The MI style/spirit was not included in the scales because it was not assessed for HE sessions. We do not report results for advice giving and confrontation because these were behaviors to be avoided and thus the frequency was quite low.
After recoding, interclass correlation coefficients (ICC) were generated between the gold standard coder and each of the two coders based on 14 prenatal and 20 postpartum sessions combined. Because one of the coders left the position before doing a meaningful amount of coding, the reliability coefficients were calculated for a single coder only. Totaling the occurrences of specific MI counseling behaviors described above, the ICC for prenatal sessions was 0.93 (95% CI .81, .98), and for postpartum sessions the ICC was .75 (95% CI .48, .89).
Three months after the birth of their child participants completed the Feedback Questionnaire that included six items about satisfaction with elements of the intervention. The items assessed the media components, counselor concern, encouragement in going to the dentist, helpfulness in going to the dentist, ease of talking, and trust. Each was rated on a five-point Likert scale that ranged from zero (Strongly Disagree) to four (Strongly Agree). Eighteen months after the birth of their children, participants completed a similar questionnaire that asked for feedback on the postpartum intervention. Two-way analysis of variance using heteroscedasticity-consistent standard errors to account for unequal variances was used to examine the differences between treatment groups among counselors and the interactions between treatment group and counselor .
Results and discussion
As shown in Table 2 and Figure 1, all interventionists engaged in all specific MI counseling behaviors at all appointments. Although each counselor delivered both MI and HE interventions, the frequency of MI occurrences in her delivery of the HE condition was very low compared to the frequencies in the MI condition. The competence of MI delivery did not differ among interventionists, while the frequency of MI behaviors varied.
Table 2. Treatment fidelity during prenatal and postpartum counseling sessions in the Community-Based Intergenerational Oral Health Intervention Study “Baby Smiles”
Figure 1. Average number of specific MI counseling behaviors per session. Error bars are ± 1 SD.
When viewing specific MI counseling behaviors such as providing affirmations, open-ended questions, reflective listening, and discrepancy developing questions, and change talk, all counselors had much higher frequencies of these counseling behaviors in the MI than in the HE conditions. Advice giving (unsolicited advice) and confrontation were also coded but there were no instances of confrontation in either the prenatal or postpartum phases and advice giving was limited to less than one advice giving episode per session for both phases.
While a detailed written protocol was provided for the interventions, variation in how the protocol was used was permitted as long as all topics were covered. For example, the menu of choices presented to a participant in the postpartum MI condition could be explored in one pass—identifying possible choices and immediately exploring potential problems, or in two passes, first identifying all possible choices and then identifying problems in the final selection. It may be that the coding of exploring resistance may be a function of the variation chosen, with less resistance identified in the later variation. Differences in the frequency of interventionist behaviors were consistent with our knowledge of the individual styles of the interventionists (e.g., a few open-ended questions to establish rapport, or multiple questions).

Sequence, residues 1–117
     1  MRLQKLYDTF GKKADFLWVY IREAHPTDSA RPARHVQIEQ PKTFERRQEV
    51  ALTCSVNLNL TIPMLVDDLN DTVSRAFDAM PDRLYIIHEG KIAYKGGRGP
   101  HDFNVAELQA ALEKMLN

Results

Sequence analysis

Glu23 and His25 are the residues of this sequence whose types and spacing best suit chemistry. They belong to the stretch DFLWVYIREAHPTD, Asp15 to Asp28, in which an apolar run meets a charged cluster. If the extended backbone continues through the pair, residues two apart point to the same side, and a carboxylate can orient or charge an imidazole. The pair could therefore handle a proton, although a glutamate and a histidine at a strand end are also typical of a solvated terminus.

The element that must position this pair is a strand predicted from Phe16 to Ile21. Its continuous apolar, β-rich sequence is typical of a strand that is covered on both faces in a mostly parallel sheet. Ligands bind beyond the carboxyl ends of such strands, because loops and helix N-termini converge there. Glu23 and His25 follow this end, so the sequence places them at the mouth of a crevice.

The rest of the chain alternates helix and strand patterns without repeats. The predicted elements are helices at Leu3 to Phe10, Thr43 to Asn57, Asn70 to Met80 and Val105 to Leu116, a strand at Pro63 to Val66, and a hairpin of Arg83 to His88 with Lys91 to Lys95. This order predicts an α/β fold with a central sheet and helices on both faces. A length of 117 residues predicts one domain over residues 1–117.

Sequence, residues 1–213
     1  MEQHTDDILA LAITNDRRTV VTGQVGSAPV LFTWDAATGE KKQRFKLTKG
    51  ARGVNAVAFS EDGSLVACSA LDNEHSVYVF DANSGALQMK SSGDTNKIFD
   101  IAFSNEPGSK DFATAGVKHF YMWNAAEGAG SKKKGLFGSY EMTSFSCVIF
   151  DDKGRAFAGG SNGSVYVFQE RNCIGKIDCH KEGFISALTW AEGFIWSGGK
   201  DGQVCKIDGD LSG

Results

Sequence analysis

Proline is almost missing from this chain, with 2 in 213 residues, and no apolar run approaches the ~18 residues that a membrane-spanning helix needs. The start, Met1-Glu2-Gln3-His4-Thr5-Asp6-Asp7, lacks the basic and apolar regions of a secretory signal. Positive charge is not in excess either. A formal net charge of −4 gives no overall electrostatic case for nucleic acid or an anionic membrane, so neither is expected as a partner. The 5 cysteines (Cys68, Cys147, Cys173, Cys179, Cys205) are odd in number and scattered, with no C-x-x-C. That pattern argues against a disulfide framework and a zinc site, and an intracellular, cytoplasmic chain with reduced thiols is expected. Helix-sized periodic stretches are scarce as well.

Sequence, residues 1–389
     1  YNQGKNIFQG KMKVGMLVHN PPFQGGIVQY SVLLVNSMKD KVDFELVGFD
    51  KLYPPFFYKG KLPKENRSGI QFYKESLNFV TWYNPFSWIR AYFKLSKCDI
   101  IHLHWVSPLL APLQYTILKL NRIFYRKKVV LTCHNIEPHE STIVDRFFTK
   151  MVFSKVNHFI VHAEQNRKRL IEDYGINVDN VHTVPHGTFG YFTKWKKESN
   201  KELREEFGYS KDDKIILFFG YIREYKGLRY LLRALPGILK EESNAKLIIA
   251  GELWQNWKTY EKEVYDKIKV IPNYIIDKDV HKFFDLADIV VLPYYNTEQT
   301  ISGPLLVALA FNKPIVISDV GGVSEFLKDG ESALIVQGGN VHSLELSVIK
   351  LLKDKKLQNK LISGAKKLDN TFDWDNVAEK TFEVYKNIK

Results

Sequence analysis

That this study is community-based--a partnership between university-based “experts” and rural communities--has implications. With the exception of one replacement counselor, the researchers did not select counselors. Job descriptions and counselor characteristics were provided by the research team and then the local health departments initiated searches for counselors. All five counselors selected by the health departments were already employed in unionized positions. Other studies in community settings faced similar problems [13,20]. Given the lack of opportunity to assess and choose counselors, both the protocol and the training itself were extremely important.
A detailed step-by-step intervention protocol and guide for the use of the protocol was written. The counselors had to learn the protocol, and the written protocol, with space for the counselors to fill in participant responses, was used in every counseling session. Counselors were given some flexibility. They were to word the questions and directions to suit themselves and were allowed to alter the sequence of sections for some participants. However, they were not to omit any section or add any additional material. To minimize variation among counselors, brief video vignettes providing key messages were utilized as part of the intervention protocol.
Both group and individual training sessions were provided. Because of the distances involved and the cost of travel, individual training occurred by telephone and video conference. While face-to-face individualized training is always preferable, the phone training--exercises and role plays--were effective as all counselors met basic mastery criteria and were certified.
During the intervention
While the counselors adhered to the MI protocol and utilized specific MI counseling behaviors, competence ratings hovered around the midpoint of the competence scale (3 on a 5 point scale). Competence ratings to hover around the midpoint (adequate) by design. The counselors were instructed to deliver the intervention in a consistent manner to each participant with equal enthusiasm.
The MI training sessions emphasized the patient-centeredness of the intervention and prohibited unsolicited advice. Moreover, counselors were trained to recognize resistance and how to circumvent potential confrontations. As a result there was very little advice given and there was no confrontation behavior in either the MI or HE conditions.